Artemisia, Wormwood (Artemisia annua)
Artemisia annua is a medicinal plant that originated in Southeast Asia but is now cultivated all around the world. It has been used in traditional Chinese medicine for more than 2000 years as a treatment for fevers, inflammation, headaches, bleeding, and malaria, but its medicinal properties were rediscovered by modern science in the 1970’s when research revealed that the plant contains more than 10 active substances. Currently, Artemisia annua is the source for the production of artemisinin and semi-synthetic artemisinin derivatives (including dihydroartemisinin, artesunate, artemether, and arteether) that are used for the production of combination therapies for the treatment of malaria Today, one of those substances – artemisinin – is the foundation of all anti-malarial medicine, the discovery of which won Prof. Tu Youyou the Nobel Prize in 2015.
A. annua, may be effective for protozoal infections including leishmaniasis, Chagas’ disease, and African sleeping sickness. Cytotoxic effects of A. annua compounds have also been evaluated in tumor cell lines.
Artemisinin-based combination therapies are part of the standard treatment arsenal for malaria. Systematic reviews suggest it is as effective as quinine, but an increased risk of relapse may limit its uses. It is also unclear whether it is effective against quinine-resistant malaria strains. Other reports of artemisinin-based therapy resistance are also emerging, prompting additional drug development.
The plants contained numerous chemical constituents including 3′,4′-dihydroxybonanzin, apigenin, betulinic acid, bonanzin, dehydroleucodine, dihydroluteolin, dracunculin and bis-dracunculin, helenalin, nepetin, scoparol, scopoletin, stigmasterol, (Z)-p-hydroxy cinnamic acid, β-sitosterol and others. In addition to artemisinin from A. annua, artemether and artesunate, further novel artemisinin derivatives and nanotechnological preparations may also be useful to combat Trypanosoma infections.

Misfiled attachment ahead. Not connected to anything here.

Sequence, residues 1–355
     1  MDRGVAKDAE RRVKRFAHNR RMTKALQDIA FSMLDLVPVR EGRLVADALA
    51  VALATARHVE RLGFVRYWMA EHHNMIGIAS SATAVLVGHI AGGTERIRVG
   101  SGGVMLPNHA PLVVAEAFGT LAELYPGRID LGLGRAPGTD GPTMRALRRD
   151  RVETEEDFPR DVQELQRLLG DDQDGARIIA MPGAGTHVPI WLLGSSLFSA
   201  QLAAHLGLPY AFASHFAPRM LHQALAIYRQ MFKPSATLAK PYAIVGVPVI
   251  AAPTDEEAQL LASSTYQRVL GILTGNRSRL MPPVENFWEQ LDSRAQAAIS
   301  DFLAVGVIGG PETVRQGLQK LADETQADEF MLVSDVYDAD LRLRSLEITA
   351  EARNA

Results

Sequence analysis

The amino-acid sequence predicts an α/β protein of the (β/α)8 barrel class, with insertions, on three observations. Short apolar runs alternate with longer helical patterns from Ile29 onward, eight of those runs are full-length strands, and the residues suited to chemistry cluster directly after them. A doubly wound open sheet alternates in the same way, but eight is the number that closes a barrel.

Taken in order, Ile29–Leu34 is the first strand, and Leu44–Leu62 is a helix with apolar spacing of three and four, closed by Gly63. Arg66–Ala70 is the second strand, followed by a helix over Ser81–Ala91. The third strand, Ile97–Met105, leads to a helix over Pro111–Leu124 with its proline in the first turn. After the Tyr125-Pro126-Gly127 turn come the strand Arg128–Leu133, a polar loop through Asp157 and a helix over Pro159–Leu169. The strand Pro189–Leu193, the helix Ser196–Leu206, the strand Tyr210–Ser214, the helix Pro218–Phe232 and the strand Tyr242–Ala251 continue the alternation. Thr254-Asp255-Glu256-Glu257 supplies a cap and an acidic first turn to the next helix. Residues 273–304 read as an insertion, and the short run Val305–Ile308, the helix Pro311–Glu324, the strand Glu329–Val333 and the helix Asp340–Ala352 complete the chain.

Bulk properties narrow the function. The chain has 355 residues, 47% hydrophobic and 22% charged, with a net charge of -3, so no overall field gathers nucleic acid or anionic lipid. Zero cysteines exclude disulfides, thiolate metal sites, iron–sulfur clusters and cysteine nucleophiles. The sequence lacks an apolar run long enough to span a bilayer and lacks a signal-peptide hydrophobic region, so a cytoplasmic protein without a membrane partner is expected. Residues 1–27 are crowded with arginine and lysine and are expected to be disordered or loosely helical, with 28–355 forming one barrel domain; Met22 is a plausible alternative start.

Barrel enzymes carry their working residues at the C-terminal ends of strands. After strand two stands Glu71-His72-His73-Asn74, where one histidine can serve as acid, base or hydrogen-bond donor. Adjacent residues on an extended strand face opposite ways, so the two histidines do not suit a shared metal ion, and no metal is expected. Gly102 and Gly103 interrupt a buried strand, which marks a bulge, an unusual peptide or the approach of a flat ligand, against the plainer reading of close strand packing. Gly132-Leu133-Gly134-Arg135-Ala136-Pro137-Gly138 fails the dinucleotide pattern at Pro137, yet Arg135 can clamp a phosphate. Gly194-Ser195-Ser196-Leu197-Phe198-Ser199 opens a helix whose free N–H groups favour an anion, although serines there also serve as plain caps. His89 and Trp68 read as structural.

Animal studies have suggested that artemisinin and related compounds inhibit tumor growth and metastasis. A few safety studies in advanced cancer patients suggest oral add-on artesunate, a semisynthetic artemisinin derivative, is well tolerated, although monitoring for ototoxicity is needed. In other studies, oral or intravenous artesunate did not produce a response, although modest clinical activity was observed with intravenous administration. In one study a low dose artemisia formulation produced clinically relevant pain reductions in patients with hip or knee osteoarthritis.
Artemisinin, the active constituent of A. annua, exerts antimalarial effects by free radicals formed via cleavage of the endoperoxide bond in its structure, which are responsible for eradicating the Plasmodium species.
Artemisinin induces apoptosis and cell cycle arrest of Leishmani donovani promastigotes, an intercellular parasite. It has antiproliferative effects on medullary thyroid carcinoma cells and induces apoptosis in a lung cancer cell line by modulating p38 and calcium signaling. In another study, it significantly inhibited cell growth and proliferation and caused G1 cell-cycle arrest in neuroblastoma cell lines. Dihydroartemisinin, a semi-synthetic derivative of artemisinin, demonstrates anti-inflammatory activity by attenuating COX-2 production via downregulation of serine/threonine kinase and MAPK pathways. Recent findings suggest that dihydroartemisinin-triggered apoptosis in colorectal cells occurs through the ROS-mediated mitochondria-dependent pathway.
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